By David Goddard and Karen Dunlap.
Nuclear power accounts for roughly 20 percent of the electricity produced in the US, according to the World Nuclear Association.
Thanks to the presence of the Tennessee Valley Authority, that number is even higher in the region it serves, with a third of TVA customers relying on nuclear energy.
Keeping nuclear power plants running requires materials that can withstand factors like radiation, pressure, and heat, so any advancement that better addresses those issues is of benefit to the plants and their customers.
“Alloys and materials used in reactors should be durable and stay strong for a long time,” said MSE Associate Professor Yanwen Zhang, who has a joint appointment at Oak Ridge National Laboratory (ORNL) and UT. “In order to be as efficient as possible, you have to make it so outages and repairs are few and far between.”
A group of UT and ORNL researchers, including Zhang; UT-ORNL Governor’s Chair for Radiation Effects on Materials William Weber; and UT-ORNL Distinguished Scientist Takeshi Egami, have developed a breakthrough material that helps address those concerns.
Zhang explained that a common problem with materials in highly radioactive environments is that they can swell or have voids formed over time, neither of which is ideal.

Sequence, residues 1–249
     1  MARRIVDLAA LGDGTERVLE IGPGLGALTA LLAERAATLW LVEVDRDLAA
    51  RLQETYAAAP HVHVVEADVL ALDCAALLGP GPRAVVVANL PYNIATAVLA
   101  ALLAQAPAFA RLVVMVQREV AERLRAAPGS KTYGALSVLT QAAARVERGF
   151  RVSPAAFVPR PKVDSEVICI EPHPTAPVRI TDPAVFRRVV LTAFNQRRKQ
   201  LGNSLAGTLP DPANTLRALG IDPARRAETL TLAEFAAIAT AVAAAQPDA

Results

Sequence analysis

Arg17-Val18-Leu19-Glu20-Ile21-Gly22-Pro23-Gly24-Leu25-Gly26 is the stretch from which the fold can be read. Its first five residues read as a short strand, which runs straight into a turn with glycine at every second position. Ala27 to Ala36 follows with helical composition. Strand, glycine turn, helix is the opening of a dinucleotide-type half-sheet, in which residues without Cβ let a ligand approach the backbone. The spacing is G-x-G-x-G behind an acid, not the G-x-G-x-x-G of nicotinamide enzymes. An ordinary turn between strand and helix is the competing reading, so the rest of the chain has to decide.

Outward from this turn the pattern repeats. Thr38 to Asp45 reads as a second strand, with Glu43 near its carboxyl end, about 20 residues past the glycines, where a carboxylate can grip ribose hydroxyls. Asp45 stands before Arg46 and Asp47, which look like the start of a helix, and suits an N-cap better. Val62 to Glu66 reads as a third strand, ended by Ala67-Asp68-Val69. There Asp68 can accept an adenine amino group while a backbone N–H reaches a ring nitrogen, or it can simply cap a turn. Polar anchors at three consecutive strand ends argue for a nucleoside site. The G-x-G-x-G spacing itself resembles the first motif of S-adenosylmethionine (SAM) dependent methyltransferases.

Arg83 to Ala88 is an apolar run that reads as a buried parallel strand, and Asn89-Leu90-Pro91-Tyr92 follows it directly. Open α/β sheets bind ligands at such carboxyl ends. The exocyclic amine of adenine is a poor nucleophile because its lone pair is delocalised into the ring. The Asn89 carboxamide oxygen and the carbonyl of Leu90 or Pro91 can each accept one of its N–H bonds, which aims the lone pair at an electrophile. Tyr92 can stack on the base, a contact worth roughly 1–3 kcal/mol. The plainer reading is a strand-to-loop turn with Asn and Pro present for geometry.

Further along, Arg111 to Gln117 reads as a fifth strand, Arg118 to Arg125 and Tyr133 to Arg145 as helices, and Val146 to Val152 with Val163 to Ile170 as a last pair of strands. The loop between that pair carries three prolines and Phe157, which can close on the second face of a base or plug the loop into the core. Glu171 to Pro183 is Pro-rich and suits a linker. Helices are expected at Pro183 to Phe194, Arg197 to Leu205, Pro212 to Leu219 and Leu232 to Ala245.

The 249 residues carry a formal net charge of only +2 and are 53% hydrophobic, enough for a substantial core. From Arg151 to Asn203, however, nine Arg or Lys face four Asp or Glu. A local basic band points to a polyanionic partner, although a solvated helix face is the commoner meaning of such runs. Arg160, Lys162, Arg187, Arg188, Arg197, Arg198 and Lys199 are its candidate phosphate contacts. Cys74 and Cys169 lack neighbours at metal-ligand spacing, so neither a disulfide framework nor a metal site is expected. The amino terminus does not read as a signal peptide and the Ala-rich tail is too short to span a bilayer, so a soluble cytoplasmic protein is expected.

Their idea uses what are known as single-phase concentrated solid-solution alloys, or SP-CSAs, sometimes called high-entropy alloys, which are composed of multiple elements and have a complex chemical structure.
Using different combinations of elements to fine-tune chemical complexity at the level of both electrons and atoms, the research has resulted in alloys that are much more tolerant to radiation, giving them a longer life in terms of their use in nuclear power production.
“We first hypothesized this in 2014, but now we have proof that it works,” said Zhang. “The previous thought was that alloys with ordered chemical structure were better, but we proposed to randomize various components, and the result was a much more stable alloy under combined extremes of radiation, pressure, and heat.”
Zhang said that alloying certain transition metals, such as nickel and the neighboring elements in its period, and varying their concentration enabled a fundamental understanding of the alloys’ physical, chemical and mechanical properties, revealing the importance of various ingredients.
Testing showed that a nickel-cobalt-iron-chromium-manganese mix and a nickel-cobalt-iron-chromium-palladium mix are by far the most radiation tolerant. The fine-tuning of chemical complexity provides a new paradigm in designing alloys for this vital role in power production.